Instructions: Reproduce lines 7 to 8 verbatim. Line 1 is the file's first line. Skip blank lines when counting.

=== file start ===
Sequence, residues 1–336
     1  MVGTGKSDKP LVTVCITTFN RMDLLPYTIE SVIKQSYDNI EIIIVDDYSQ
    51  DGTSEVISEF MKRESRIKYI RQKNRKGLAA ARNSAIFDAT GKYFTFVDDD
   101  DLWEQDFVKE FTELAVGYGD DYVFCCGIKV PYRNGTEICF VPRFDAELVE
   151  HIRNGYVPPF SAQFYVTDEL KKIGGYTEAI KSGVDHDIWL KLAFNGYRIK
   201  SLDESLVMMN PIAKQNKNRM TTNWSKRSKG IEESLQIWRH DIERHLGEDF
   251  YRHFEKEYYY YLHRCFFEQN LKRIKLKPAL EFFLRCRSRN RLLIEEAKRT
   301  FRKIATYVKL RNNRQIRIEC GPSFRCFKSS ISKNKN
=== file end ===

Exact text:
   251  YRHFEKEYYY YLHRCFFEQN LKRIKLKPAL EFFLRCRSRN RLLIEEAKRT
   301  FRKIATYVKL RNNRQIRIEC GPSFRCFKSS ISKNKN